Just to give readers a little glimpse of what I found frightening: nearly all the corners around the mountain roads are blind.  There are no lines on the road, no median and no extra space in the shoulder.  Also, on at least half of the curves, there were no guard rails.  So a slight mistake on the driver’s part or by the on-coming driver, and well, it would be time to practice Phowa.  Therefore, the drivers constantly honked as they approached each curve (thank goodness!) and as a result, I was constantly reminded of my fear of heights…  But there was a silver lining and a beautiful valley to see on the other side.  With that…

In my journal, I mention that there were large, colorful cargo trucks on this road, along with other buses and vans full of people and supplies.  From about 16000 ft and up, the pavement stopped and more of a patchwork of cobblestones could be observed in the road.  This was true on both sides of the pass.  All in all, the journey to the Nubra valley took six hours (from Leh).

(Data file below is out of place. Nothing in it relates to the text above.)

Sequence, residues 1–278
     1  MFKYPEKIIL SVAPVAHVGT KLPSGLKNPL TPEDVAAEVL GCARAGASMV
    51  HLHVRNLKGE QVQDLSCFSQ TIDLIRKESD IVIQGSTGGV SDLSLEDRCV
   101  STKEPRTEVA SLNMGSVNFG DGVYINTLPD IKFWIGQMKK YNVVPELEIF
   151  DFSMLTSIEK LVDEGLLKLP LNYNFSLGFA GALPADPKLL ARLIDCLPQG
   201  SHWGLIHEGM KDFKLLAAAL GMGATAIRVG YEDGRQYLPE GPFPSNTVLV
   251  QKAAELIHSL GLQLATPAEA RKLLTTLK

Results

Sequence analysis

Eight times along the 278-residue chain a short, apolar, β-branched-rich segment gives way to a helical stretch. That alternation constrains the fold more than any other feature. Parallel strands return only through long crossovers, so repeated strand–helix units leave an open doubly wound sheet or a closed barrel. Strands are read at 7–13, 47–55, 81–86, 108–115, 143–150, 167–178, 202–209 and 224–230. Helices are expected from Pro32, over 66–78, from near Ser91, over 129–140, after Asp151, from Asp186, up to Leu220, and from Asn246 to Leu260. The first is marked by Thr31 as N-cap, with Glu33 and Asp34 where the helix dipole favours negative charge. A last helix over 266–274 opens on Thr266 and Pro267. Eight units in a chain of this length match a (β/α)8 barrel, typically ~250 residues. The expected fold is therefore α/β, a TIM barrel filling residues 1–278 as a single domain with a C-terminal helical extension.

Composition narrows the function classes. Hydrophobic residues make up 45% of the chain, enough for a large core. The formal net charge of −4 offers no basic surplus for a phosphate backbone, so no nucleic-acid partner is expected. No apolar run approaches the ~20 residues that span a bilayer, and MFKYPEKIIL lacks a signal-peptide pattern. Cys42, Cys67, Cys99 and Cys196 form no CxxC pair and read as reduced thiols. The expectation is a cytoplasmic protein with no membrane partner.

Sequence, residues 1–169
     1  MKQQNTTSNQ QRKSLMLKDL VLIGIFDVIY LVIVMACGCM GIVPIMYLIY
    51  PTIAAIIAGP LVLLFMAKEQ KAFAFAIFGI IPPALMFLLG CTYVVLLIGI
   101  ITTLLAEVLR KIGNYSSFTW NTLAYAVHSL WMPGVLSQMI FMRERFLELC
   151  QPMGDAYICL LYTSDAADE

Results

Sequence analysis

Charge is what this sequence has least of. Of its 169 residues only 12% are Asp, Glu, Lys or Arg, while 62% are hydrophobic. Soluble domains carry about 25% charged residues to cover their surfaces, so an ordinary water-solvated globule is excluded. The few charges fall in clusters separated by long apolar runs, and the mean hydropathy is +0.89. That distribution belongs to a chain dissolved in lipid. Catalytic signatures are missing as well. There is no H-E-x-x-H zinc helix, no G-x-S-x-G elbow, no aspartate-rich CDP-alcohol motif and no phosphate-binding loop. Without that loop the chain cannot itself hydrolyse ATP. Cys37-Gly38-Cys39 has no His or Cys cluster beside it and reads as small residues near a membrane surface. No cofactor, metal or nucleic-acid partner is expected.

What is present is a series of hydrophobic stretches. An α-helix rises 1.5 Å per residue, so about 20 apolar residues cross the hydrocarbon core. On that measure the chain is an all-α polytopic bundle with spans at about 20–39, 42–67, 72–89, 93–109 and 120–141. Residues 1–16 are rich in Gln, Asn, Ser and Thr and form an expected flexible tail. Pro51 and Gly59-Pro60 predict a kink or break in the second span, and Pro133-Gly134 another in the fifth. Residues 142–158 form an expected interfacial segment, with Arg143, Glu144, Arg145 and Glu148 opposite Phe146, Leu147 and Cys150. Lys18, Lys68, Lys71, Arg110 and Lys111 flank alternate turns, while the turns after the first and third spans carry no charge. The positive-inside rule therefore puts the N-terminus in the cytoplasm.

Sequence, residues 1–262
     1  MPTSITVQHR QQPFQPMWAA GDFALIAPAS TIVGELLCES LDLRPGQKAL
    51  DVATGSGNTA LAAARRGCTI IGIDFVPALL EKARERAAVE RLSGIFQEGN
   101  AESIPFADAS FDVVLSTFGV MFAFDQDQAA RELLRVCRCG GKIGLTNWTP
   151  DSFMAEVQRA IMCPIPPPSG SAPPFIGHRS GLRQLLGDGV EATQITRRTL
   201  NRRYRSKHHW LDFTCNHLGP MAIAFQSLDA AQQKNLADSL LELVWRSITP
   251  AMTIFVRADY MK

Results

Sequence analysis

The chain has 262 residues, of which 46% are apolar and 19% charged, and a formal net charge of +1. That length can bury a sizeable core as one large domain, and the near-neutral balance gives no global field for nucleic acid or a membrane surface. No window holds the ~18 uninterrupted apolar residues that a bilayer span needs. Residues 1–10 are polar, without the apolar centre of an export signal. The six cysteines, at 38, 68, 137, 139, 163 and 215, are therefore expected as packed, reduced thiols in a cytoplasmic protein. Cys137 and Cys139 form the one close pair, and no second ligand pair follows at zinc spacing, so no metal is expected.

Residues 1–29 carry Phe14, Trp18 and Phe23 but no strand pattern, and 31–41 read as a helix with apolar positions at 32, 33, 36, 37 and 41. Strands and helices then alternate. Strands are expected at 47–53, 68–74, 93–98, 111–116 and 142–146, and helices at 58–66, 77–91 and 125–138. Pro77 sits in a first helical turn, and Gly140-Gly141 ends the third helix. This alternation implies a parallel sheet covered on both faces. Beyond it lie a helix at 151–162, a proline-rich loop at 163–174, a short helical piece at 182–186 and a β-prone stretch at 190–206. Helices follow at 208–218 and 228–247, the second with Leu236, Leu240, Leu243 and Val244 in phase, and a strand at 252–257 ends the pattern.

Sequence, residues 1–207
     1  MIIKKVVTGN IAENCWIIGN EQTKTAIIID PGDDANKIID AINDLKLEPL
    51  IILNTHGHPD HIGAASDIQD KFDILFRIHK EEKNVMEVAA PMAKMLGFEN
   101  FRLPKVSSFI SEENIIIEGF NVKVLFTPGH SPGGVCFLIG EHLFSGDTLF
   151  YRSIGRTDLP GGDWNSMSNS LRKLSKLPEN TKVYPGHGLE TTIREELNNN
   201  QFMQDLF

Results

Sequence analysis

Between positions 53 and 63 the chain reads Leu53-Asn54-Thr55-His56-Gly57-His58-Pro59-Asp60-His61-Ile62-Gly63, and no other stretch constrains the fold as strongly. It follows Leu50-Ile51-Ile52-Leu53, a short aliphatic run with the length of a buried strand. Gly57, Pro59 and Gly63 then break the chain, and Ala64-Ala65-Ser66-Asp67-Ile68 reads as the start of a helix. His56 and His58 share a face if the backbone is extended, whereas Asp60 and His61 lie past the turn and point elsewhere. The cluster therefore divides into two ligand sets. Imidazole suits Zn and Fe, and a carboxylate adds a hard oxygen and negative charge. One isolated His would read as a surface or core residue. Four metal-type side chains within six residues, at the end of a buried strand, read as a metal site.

On top of Kardung la Pass, the air was thin, clean and crisp.  Considering we had gone from Leh at 11000 ft to 18 K plus at the top, we needed jackets and there were little stubborn patches of snow around.  Oh – a side note.  Thankfully we did smoke pujas – otherwise known as offering rituals of protection on most days of the pilgrimage.  And on this particular day, I was enormously glad we had done these rituals and that we continued doing them.  We did smoke offerings at the top of the mountain as well, at least most of us did.  Some people (those of us with spry youthful bodies) decided that 18,300 ft was not high enough and that they should continue climbing a rocky ridge up toward some boulders (see photo).

There was a military outpost on the pass, with soldiers milling around.  There were a number of other tourists as well.  We went up a little ways and came to a curious little temple – a one roomed shrine.  There was a small couch or bed of sorts which made me wonder about its occupant.  The shrine was in good order.  While this little temple was fascinating, what really took the cake for me was the prayer flags on the “summit” near the pass.  I got some good photos of members of our group, of the smoke offering being made and of the surrounding mountains as well.  They said that, on a perfectly clear day, which was not this one, people could see all the way to the north and gaze upon K-2 – the second highest mountain in the world.  As it was, they pointed out several mountains which were near K-2 (I guess its brothers and sisters).